GC: One other thing you have on most dads is that your kids get to see you on television during games.
Elliott: That's true. I think their initial reaction is they enjoy seeing me, then they lose interest. The more they get older, the more they hear from fans of other teams and now they're starting to identify themselves as Gamecocks and wear that pride.
GC: When you and your wife decided to have children, how much conversation was there about what the roles would be in a coaching family?
Elliott: You have to prepare when you're a coach. You have to say, "Look, this is how it's going to work. I can't be here for all the things I need to be here for. You're going to have to do a lot of that for us."
But we've been really blessed because coach (Steve) Spurrier is so great to work for. I don't miss many events, whether it's a Christmas play or something like that at 10 a.m., I can swing by and make it. That's what's so great about working here, the flexibility he gives you and the importance he knows of families and you being there for them.
GC:How long were you married before you had children?
Elliott: Five years. Summer worked in Boone right up until the time she got pregnant, then we then sat down and talked about it. Of course, at App State you don't make as much money as you do at South Carolina, but we said early on that we wanted her to be able to stay home with the child, so the question was can you make it work?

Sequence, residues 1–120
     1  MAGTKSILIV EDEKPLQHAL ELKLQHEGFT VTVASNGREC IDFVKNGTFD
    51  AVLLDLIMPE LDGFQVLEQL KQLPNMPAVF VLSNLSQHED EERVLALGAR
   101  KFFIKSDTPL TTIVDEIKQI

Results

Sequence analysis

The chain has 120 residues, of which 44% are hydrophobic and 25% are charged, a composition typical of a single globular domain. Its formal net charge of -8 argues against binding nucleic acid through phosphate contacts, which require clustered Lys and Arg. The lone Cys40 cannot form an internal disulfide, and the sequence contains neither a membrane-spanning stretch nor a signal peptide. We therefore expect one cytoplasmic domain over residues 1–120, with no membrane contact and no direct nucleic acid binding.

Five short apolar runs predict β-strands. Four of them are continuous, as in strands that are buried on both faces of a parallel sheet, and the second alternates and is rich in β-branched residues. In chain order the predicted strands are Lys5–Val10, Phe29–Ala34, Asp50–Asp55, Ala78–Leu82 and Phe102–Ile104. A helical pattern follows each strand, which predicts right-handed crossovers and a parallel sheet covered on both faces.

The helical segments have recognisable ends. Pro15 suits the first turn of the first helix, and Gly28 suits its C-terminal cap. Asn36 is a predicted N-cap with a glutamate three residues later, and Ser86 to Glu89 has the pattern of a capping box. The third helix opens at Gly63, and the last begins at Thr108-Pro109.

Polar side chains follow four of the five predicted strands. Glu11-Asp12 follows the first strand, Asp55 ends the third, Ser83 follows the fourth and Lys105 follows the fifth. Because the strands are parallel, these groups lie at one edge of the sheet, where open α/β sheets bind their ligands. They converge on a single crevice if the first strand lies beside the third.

We knew we had to live a certain lifestyle but that's it's going to be beneficial for our kids. In a coaching family, you need someone who is the strong one to be there at times when you can't. Summer agreed, and it's been great. Even in Boone, it was fantastic. You make it work.
GC: Is Max going to be a football player?
Elliott: Max, I don't know. Max is a different bird. Maddyn? Definitely. She's the athlete. It's hard to tell now, of course, but Maddyn at 7 years-old, she's the one I throw the football with. Every night, she's wanting to throw the football, throw the football, throw the football. Max is like, "Nah." But he may grow into it. He's very cautious. We'll see.
Coming tomorrow...Elliott's path to USC, his advice to those in coaching on how to maintain a healthy work-family balance and, of course, a little bit about that heralded offensive line.